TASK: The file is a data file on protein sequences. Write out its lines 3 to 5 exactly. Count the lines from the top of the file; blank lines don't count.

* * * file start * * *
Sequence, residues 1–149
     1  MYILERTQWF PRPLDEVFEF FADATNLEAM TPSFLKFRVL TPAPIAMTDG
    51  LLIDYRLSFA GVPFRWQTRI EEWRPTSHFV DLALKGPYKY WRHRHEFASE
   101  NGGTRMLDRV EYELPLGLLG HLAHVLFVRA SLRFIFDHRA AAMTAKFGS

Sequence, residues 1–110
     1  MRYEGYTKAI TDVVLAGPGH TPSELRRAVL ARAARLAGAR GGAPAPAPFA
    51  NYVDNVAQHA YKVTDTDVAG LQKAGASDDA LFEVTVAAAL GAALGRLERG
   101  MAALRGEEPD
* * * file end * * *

    51  LLIDYRLSFA GVPFRWQTRI EEWRPTSHFV DLALKGPYKY WRHRHEFASE
   101  NGGTRMLDRV EYELPLGLLG HLAHVLFVRA SLRFIFDHRA AAMTAKFGS

Sequence, residues 1–110